“We also do a lot of research and keep an eye out for top horses and good stories. Once we’ve determined which horse to do, the hard part is deciding which pose the horse will be in. We’ll look at poses we already have and if we’re working with a particular owner or trainer, we brainstorm to find something that showcases that particular horse’s personality and way of going.”

 – Stephanie Macejko, vice president of marketing and product development for Breyer

Model creation

The talented Chris Hess sculpted many of the Breyer models through the 1980s. Since that artist’s death, Breyer has worked with 15 to 20 different sculptors all over the world.

These sculptors don’t all approach their art in the same way. Some travel to see the horse in person, while others work in their studios using images and videos of the horse.

Once a clay model is completed, an injection molding tool is made. Liquid plastic is poured into this to form the model horse.

Every Breyer model is hand painted by airbrush artists.

“There’s a lot of handcraftsmanship,” says Macejko. “A real person is applying the paint, which is why you’ll see subtle variations in shading and depth of color.”

When a horse is made into a Breyer portrait model, the total number of models produced by the company can vary. This number is determined by popularity and often, by whether or not the horse is still actively competing or is in the news.

“We like to represent all the different breeds and disciplines, so with some models we may make more because they’re a well-known champion or a very popular breed, and the demand is high. Some models will stay in the line for several years, some for a year, two or three,” says Macejko.

“If a model is made for BreyerFest, it is made just for that year and only available there,” she notes.

Held since 1990, BreyerFest® is an annual horse fair and model horse festival celebrating all things Breyer. Typically held in Lexington, Kentucky, at the Kentucky Horse Park, the three-day event draws thousands of enthusiastic fans from around the world.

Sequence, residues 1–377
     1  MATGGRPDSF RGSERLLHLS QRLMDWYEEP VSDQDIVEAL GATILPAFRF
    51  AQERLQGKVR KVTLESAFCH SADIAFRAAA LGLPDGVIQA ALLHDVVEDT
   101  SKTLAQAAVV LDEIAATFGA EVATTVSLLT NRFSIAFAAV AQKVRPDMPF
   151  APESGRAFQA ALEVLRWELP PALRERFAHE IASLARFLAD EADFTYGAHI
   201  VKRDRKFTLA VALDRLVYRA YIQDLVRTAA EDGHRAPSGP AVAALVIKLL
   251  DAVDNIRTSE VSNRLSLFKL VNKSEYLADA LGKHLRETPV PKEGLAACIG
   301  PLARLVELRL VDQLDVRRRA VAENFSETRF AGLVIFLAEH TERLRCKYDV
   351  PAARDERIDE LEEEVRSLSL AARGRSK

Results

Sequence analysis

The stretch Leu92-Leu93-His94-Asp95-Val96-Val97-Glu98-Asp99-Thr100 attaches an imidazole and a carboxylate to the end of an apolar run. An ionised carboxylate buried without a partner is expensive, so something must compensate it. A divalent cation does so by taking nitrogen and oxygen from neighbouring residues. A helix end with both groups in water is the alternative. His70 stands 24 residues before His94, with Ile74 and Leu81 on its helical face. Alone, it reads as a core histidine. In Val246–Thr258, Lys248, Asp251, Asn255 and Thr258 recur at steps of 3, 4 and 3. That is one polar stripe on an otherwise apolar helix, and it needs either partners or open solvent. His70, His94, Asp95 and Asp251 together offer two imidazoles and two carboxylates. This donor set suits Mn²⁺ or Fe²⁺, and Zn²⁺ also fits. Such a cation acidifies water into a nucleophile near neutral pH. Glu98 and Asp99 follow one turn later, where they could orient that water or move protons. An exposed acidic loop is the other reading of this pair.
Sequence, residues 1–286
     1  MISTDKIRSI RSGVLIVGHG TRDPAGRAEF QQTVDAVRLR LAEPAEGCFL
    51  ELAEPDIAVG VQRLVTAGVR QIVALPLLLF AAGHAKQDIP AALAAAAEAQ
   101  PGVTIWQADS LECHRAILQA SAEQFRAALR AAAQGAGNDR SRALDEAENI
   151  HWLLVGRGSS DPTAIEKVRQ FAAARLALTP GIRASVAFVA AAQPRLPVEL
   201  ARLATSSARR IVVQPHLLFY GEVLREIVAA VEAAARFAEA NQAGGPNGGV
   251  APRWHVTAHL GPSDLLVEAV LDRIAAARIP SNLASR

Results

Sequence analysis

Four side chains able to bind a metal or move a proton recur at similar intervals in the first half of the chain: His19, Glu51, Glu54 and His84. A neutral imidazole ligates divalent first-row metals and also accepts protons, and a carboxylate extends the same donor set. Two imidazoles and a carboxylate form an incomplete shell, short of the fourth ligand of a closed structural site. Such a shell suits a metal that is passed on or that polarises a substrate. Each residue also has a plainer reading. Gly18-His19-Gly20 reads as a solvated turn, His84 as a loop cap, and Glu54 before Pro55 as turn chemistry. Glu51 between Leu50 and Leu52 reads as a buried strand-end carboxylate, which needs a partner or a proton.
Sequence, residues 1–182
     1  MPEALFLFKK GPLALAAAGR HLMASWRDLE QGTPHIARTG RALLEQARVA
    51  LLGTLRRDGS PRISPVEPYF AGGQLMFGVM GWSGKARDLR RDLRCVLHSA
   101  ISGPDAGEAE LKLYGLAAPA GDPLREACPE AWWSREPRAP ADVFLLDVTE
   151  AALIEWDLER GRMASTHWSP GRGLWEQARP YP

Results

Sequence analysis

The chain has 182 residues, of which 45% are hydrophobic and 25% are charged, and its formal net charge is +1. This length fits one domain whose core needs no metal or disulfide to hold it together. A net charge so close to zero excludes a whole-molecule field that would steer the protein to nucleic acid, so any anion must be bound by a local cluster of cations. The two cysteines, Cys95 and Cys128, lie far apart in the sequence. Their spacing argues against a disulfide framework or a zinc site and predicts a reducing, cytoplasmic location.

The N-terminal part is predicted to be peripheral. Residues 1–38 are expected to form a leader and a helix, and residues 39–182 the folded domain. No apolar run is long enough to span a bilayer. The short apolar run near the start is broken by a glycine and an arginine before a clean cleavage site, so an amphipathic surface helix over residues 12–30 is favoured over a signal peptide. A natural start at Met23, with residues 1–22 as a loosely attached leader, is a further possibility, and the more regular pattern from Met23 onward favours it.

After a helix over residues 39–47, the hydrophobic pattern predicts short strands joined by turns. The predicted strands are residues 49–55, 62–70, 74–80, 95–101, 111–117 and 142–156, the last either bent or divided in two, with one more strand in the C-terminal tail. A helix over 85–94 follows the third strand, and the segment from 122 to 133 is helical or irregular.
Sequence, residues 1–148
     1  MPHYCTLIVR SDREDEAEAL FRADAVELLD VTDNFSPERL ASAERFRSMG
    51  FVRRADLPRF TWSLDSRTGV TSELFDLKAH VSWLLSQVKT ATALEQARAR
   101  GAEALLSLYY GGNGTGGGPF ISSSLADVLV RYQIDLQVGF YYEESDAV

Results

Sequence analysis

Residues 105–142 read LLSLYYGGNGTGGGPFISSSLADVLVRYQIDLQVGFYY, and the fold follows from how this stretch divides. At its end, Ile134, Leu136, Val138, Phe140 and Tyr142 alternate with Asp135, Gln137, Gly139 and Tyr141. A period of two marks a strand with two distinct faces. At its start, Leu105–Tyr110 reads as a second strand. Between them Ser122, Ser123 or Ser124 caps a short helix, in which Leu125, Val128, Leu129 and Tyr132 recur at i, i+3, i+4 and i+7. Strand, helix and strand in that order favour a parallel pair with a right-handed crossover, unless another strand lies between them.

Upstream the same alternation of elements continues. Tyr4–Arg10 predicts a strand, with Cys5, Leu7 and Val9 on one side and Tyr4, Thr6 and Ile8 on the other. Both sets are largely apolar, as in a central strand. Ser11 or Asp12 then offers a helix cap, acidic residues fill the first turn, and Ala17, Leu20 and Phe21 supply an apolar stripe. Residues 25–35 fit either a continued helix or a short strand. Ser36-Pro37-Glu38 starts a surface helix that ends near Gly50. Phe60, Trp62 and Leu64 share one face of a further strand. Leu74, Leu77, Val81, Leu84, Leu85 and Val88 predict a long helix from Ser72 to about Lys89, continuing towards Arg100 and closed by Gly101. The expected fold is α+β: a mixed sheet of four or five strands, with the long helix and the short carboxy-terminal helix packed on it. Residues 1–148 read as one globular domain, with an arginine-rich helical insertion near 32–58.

The real horses who inspire the Breyer models regularly make live appearances. The next BreyerFest is scheduled for July 14-16, 2023.

Once a model is retired, no more are produced. This explains why in-demand models can sell for significant amounts after they’re out of production. Online auction sites like eBay sell all manner of Breyer models.

Collectors, buyers and sellers often use the website www.identifyyourbreyer.com to determine the scale, mold and model of Breyer horses.

“We like to represent all the different breeds and disciplines, so with some models we may make more because they’re a well-known champion or a very popular breed, and the demand is high. Some models will stay in the line for several years, some for a year, two or three.”

 – Stephanie Macejko, vice president of marketing and product development for Breyer

Ocala connections

With the abundance of talented horses here in the Horse Capital of the World®, it’s not surprising that numerous horses with ties to Ocala have been made into Breyer models.

This story is the first in a three-part series that takes a closer look at many of the Ocala connection horses who have been immortalized by Breyer.We’ll cover five horses in this story, so be sure to catch Parts 2 and 3 coming soon to learn about the others!

The Gypsy King

(Breyer model #1148)

Gypsy Vanner Horses now have a passionate following in the U.S., but that wasn’t always the case. Dennis Thompson of Ocala and his late wife Cindy deserve credit for establishing the unique breed in this country.